Apple has now sold over a million iPads, and a new survey reported that one in five consumers plan to buy one. It is further proof that Apple has become more than a technology company: it is a cultural vanguard. Steve Jobs lets everyone know what’s next. And those that buy his devices often define themselves by their allegiance to the Almighty Mac.
With such influence comes power, and sometimes that power is wielded in strange ways. In matters of the heart. Occasionally, in matters of the nipple.
There is, for example, the new dating site purely for Apple lovers. The site, called Cupidtino (a clever wink at Cupertino, site of Apple’s headquarters), aims to connect “Machearts” and other iPhiles. Where once potential matches were predicated on such deal-breakers as religion and desire to have children, we have added a new criterion: Operating System. The site essentially separates the Macs from the plebian PCs – ostensibly matching people up as the first step in creating another generation of avid Apple consumers. I expect that the site will do quite well. I also expect lame double-entendres to be rampant (“hardware” and “port” may be among the euphemistic onslaught).
It’s clear that, perhaps more than any other brand, Apple has made technology sexy. And yet, interestingly, the company appears only marginally comfortable with sex.
The iPad has been noted as the potential savior of a newspaper industry in precipitous decline. Yet access to this wunderpad requires certain sacrifices. It was reported that the German newspaper Bild (as well as other European media outlets) are upset because iPads will not carry their content as-is. The reason? Nipples. European media is famously less puritanical compared to its American counterparts, and many newspapers have no problem with nudity. Apple, however, has a policy against tawdry content—even fashion magazines must remove any trace of errant nipple exposure. Yet according to a report in Business Insider, the policy isn’t the same across the board.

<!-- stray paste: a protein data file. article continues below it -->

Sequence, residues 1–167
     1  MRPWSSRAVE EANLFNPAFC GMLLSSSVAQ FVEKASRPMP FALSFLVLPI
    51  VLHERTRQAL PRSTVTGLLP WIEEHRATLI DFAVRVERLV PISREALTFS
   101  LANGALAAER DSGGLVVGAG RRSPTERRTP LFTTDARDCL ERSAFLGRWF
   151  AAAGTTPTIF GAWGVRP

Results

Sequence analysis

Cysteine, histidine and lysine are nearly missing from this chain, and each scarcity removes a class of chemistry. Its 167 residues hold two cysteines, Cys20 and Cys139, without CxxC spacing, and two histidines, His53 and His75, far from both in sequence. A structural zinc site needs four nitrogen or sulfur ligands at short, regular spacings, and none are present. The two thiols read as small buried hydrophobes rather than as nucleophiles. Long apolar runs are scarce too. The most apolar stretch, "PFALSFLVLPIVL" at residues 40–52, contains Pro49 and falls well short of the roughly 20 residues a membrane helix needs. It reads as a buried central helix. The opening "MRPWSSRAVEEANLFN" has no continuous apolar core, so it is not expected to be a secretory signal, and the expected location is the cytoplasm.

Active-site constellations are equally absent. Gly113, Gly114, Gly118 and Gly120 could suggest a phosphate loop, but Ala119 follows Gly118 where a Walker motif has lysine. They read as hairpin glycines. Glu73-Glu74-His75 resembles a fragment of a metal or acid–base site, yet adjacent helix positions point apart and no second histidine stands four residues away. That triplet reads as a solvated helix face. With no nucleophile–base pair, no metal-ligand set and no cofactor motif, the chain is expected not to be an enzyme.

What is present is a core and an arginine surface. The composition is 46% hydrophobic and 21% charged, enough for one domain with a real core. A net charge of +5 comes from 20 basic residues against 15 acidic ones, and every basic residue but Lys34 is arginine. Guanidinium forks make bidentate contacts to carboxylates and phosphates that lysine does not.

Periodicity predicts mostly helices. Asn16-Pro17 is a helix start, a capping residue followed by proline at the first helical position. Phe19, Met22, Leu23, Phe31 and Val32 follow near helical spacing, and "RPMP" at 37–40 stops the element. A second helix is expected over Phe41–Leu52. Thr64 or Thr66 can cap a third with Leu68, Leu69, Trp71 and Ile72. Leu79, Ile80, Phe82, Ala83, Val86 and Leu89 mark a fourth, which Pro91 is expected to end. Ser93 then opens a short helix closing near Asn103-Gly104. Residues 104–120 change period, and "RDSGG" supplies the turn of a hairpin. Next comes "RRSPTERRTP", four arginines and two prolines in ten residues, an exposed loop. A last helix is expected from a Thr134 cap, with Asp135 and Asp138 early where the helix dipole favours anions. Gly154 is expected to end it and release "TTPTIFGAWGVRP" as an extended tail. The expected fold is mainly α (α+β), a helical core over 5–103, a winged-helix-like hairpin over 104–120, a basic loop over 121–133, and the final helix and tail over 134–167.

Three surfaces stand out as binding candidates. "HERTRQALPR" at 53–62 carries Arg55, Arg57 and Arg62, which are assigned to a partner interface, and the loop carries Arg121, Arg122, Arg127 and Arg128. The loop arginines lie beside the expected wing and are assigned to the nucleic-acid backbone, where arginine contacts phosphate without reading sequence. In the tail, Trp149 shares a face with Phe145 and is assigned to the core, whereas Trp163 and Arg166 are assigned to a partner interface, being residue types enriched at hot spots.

For small, independent sites, the policy mandates no ‘overtly sexual content’. More established brands like Playboy and Sports Illustrated may have sexual content, but no nudity. Still others, like Netflix, may stream R-rated movies to your iPad. So it seems that Apple’s aversion to sex is elastic, and accommodations are meted out according to the size of a content provider’s, ahem, assets.
Hey, Apple may be sexy. But it isn’t stupid.